Christie’s to auction Ed Ruscha’s ‘Hurting the Word Radio #2,’ Nov. 13

Ed Ruscha, Hurting the Word Radio #2, 1964. Collection of Joan and Jack Quinn. Courtesy Christie’s Images Ltd. 2019

NEW YORK – On November 13, Christie’s Evening Sale of Post-War and Contemporary Art will be highlighted by Ed Ruscha’s Hurting the Word Radio #2, 1964 (estimate: $30-40 million)* from the collection of Joan and Jack Quinn, Beverly Hills. Joan Quinn and her late husband Jack, represent a pivotal moment in the history of Contemporary art, as Los Angeles came to symbolize an innovative and prolific brand of creative freedom. Ruscha’s canvas being offered here is a sublime example of the conceptual creativity that emanated from Los Angeles in the early 1960’s, that which would make Ed Ruscha into one of the most revolutionary artists of the 20th and 21st centuries. The Quinns acquired Hurting the Word Radio #2 directly from the artist in the early 70s, marking this as the first time the canvas has ever been offered at auction.

On view at Christie’s London from 2-4 October

Alex Rotter, Chairman, Post-War and Contemporary Art, Christies: “It is such an honor to offer Ed Ruscha’s Hurting the Word Radio #2 from Joan and Jack Quinn’s storied Californian collection. This consummate work by Ruscha is an early example of his revolutionary Text paintings, a body of work that established him as one of the most innovative and influential painters of his generation. The Quinns acquired Hurting the Word Radio #2 directly from Ruscha in the 1970’s, and it is a testament to the couple’s excellent, forward thinking taste that most of the artist’s comparable canvases now reside in the permanent collections of major institutions. Our November sale will mark the first time that this work has ever been offered at auction, and it is particularly exciting for me on a personal level as Hurting the Word Radio #2 has long been on my list of the most desirable works in private hands.”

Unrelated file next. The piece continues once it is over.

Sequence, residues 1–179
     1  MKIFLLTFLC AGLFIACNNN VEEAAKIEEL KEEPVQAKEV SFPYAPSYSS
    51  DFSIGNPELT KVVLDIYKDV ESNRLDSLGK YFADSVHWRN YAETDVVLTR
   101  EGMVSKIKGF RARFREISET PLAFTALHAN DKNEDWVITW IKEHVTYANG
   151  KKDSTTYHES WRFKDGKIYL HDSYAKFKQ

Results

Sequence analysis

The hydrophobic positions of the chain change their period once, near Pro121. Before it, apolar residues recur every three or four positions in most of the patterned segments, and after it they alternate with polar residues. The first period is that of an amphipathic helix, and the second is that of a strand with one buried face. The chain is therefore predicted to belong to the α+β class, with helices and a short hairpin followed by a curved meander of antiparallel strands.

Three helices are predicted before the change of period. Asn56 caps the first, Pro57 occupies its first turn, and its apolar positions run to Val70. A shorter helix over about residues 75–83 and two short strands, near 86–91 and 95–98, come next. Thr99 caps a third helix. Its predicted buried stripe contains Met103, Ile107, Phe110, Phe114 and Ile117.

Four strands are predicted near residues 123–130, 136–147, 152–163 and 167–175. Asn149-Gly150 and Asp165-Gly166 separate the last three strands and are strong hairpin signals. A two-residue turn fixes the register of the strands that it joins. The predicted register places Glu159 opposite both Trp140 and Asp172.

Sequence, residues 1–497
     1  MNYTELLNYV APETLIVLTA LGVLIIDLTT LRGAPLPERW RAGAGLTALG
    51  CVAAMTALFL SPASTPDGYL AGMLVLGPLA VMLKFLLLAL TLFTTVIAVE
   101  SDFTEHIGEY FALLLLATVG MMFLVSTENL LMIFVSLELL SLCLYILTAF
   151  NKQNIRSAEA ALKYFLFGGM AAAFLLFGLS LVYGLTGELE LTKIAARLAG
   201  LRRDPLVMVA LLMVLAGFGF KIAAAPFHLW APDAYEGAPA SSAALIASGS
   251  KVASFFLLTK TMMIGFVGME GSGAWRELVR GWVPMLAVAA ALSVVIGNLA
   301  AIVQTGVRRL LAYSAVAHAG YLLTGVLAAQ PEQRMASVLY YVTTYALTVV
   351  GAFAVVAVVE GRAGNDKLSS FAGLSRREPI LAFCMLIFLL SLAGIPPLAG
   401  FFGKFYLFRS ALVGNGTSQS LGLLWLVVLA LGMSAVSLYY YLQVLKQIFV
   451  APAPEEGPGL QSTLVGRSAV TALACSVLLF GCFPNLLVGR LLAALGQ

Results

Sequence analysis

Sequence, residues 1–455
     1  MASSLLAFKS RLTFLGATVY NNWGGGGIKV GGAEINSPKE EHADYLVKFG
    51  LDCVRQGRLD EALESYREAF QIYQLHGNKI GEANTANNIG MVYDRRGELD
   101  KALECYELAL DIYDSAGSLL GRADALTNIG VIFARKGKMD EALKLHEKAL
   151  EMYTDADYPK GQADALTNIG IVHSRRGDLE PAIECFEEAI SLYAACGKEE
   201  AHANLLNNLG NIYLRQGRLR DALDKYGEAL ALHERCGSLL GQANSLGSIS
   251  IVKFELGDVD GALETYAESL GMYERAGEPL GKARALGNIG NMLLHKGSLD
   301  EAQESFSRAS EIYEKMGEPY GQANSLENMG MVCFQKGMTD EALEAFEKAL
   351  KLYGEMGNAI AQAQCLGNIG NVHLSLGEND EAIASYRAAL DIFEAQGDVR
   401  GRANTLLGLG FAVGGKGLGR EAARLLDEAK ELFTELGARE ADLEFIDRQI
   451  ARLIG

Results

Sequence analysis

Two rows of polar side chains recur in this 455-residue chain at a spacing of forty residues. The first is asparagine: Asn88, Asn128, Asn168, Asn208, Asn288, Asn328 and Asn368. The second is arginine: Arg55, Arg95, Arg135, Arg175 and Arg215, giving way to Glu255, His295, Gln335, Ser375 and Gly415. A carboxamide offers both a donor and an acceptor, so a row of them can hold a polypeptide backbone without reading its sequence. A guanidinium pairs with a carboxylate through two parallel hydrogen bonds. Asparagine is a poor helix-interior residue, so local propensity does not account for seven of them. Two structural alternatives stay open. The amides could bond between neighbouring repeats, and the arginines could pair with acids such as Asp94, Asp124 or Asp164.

Few individuals have left such an indelible mark on the artistic landscape of Southern California than Joan and Jack Quinn. As collectors, advocates and, above all else, friends to artists, the Quinns, both native Californians, helped propel their beloved Los Angeles into one of the world’s leading cultural meccas. In the process, they built one the nation’s preeminent private collections of southern California Contemporary art—the tangible representation of a lifetime’s dedication to the creative process.

Married for over half a century, visionaries Joan and Jack Quinn were present from the earliest days of Los Angeles’s artistic evolution when prominent figures and outposts such as the Ferus Gallery began to catch the attention of an international audience. For the Quinns, art was a dialogue between artist and viewer that yielded unending inspiration and lifelong friendships.

Jack Quinn, a prominent and influential attorney, was the youngest president of the Los Angeles County Bar Association and founder of Quinn Kully & Morrow, a firm that later merged with the prestigious Washington D.C. firm, Arnold & Porter. Quinn utilized his skills to help an array of emerging artists and their dealers, including the Ferus, Nick Wilder and Corcoran galleries, navigate the worlds of law and business.